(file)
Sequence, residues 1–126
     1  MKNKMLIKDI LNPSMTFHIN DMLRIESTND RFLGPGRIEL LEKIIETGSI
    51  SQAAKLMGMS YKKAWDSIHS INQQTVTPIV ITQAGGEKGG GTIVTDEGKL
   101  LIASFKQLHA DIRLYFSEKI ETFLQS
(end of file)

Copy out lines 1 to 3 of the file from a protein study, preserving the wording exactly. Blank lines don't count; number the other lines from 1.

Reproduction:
Sequence, residues 1–126
     1  MKNKMLIKDI LNPSMTFHIN DMLRIESTND RFLGPGRIEL LEKIIETGSI
    51  SQAAKLMGMS YKKAWDSIHS INQQTVTPIV ITQAGGEKGG GTIVTDEGKL